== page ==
Adele Lindley is another Sparwood resident who went through conferencing. Five years ago, when she was in high school, she was assaulted at a dance by one of a group of girls who had been harassing her for over a year.
Adele met with the girl who attacked her, and an accomplice, along with their parents, Adele's sister, and the young constable on the case all met for what Adele calls "the court thing." She appreciates the way everyone got some say in working out an agreement. The accomplice's parents, for instance, were able to stipulate that their daughter "had to go to school." Adele's older sister insisted that the 40 hours of community service initially proposed as a sentence was too light. "She got it bumped up to 80 hours."
Adele says her attacker "has apologized to me, and she'll say hello when she sees me around town." The accomplice "stays away from me - which is just fine with me."
In Canada, as in other countries with a justice system based on English common law, a key element is in place for alternative programs: discretion. A constable can legally decide not to have someone charged; a judge can refer a case to some kind of mediation.
But as a practical matter, successful restorative justice programs tend to rely on some outside community organization to provide the skilled conference facilitators or mediators to make the alternative processes possible.
In Edmonton, Alberta, police constable Aaron Nichols of the police service there, has been working to establish conferencing in his community as a way to deal with crime. "We see what we're doing as an evolution of our justice system.... The idea is to work ourselves out of a job." The Community Conferencing Association of Edmonton was launched in August 1997 and has done 14 conferences so far, including a murder case, "with great success." Constable Nichols has involved local social-advocacy organizations, including aboriginal groups. "Once people start hearing about this, we'll be flooded" with requests for help, he predicts - and he has to be sure he has enough facilitators.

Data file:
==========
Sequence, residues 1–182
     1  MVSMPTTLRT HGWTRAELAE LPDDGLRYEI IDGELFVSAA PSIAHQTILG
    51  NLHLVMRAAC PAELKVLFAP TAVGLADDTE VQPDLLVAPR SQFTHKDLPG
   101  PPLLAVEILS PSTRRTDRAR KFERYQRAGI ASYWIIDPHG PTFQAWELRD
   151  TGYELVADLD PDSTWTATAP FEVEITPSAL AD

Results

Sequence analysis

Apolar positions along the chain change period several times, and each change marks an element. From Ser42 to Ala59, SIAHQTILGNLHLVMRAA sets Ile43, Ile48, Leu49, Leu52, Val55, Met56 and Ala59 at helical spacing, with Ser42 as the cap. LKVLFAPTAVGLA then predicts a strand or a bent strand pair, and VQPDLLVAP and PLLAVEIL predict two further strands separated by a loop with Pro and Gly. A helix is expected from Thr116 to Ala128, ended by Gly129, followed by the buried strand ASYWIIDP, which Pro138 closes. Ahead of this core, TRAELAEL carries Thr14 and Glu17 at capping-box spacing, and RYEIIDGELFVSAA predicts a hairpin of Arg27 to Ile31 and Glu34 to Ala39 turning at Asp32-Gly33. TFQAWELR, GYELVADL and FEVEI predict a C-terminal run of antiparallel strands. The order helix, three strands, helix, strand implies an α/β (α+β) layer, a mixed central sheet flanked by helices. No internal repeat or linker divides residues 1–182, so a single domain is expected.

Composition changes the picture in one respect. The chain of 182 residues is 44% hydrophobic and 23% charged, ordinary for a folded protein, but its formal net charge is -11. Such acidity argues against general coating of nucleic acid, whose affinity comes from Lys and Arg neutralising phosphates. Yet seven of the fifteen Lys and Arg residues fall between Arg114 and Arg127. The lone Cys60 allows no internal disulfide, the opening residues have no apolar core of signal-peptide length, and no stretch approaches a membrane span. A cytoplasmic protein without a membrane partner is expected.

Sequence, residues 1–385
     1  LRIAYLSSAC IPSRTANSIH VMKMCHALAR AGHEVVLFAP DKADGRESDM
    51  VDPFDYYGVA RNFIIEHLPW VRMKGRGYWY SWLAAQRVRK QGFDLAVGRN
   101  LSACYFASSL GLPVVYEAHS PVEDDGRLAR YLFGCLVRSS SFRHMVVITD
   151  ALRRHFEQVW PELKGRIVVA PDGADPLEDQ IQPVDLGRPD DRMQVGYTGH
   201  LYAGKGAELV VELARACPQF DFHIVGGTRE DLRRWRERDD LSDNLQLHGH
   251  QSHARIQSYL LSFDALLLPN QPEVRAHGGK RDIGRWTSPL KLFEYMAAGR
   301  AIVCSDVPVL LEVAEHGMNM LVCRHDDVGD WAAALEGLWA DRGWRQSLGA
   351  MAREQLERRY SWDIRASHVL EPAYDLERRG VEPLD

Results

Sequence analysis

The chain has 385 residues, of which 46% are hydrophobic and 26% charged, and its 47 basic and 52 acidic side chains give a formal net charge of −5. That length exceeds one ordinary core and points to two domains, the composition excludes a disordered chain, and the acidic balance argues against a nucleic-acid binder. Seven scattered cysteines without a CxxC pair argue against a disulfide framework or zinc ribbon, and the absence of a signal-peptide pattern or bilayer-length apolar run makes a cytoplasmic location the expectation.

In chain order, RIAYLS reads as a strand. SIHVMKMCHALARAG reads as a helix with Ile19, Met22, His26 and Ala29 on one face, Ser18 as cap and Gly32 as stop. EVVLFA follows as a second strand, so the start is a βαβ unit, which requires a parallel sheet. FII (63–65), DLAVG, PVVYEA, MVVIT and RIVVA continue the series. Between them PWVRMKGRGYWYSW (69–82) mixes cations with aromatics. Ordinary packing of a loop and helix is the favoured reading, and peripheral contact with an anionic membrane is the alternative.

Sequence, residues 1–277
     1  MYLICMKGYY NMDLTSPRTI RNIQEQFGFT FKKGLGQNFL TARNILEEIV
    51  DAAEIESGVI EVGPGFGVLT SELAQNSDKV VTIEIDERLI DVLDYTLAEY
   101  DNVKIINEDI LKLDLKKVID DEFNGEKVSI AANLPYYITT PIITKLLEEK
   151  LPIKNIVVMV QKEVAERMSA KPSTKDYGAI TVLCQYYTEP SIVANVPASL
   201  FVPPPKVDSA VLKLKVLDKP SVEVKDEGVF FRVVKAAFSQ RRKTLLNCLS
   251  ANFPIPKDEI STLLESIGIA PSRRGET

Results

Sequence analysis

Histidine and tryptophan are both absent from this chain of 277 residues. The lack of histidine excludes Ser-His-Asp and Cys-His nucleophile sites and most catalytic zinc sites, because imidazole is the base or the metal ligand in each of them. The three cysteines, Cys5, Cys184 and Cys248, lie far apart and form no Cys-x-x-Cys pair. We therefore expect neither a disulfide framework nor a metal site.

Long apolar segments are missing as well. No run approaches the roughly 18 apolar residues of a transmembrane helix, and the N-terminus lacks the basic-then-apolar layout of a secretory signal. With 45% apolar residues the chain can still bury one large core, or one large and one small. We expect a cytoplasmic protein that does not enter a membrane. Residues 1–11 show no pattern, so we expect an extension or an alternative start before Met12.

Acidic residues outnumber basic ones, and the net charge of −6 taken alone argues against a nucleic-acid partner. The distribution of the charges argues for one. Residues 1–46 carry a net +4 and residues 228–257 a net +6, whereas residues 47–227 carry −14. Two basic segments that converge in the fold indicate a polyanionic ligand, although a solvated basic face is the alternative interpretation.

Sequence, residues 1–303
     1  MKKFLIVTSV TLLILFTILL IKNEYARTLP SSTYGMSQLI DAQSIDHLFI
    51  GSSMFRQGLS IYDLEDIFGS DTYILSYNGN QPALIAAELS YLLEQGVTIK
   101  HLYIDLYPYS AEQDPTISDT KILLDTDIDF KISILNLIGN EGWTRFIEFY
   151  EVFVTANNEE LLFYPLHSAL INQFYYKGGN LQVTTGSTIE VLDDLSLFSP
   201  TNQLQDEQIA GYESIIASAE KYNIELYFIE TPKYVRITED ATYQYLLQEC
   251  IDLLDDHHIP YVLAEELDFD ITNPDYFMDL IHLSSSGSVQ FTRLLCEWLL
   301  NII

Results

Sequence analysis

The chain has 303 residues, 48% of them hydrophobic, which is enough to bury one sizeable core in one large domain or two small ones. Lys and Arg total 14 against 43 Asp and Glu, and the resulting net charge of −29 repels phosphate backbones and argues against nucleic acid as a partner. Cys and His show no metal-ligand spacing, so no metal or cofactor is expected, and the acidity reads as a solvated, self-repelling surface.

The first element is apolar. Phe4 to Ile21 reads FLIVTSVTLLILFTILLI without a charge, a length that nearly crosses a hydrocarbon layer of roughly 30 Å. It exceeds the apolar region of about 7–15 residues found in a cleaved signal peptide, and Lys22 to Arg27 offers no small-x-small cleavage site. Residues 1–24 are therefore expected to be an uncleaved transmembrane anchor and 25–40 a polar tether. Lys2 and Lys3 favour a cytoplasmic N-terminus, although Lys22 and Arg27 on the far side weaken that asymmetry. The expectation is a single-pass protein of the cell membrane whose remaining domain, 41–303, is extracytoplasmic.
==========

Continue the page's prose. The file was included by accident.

Another key point in restorative justice is involvement of victims. "The challenge [in traditional legal processes] is in getting the victim's voice heard," says Chris, a probation officer in Ontario. Part of what makes conferencing and other methods satisfying for victims is that they allow a confrontation with the offender. "But the process stalls unless the victim can be enlisted."
The restorative-justice movement, for which conferencing is only one tool, is strong in Canada's western provinces, in part because its principles resonate so well with traditional Indian tribal justice methods.
But even advocates of restorative justice programs are guarded in their assessments of their successes. Rick Prashaw of the Church Council on Justice and Corrections, in Ottawa, gives this verdict so far: "An amber light."
This restraint might make it easier to sell skeptical police officials on the merits of the new methods, though.
And at a time when governments are eager to save money wherever possible, restorative justice holds out the promise of being a low-cost alternative to incarceration. "Their motive is finances," an Ontario official says privately of his province's interest in alternative justice. "But they know it works, too."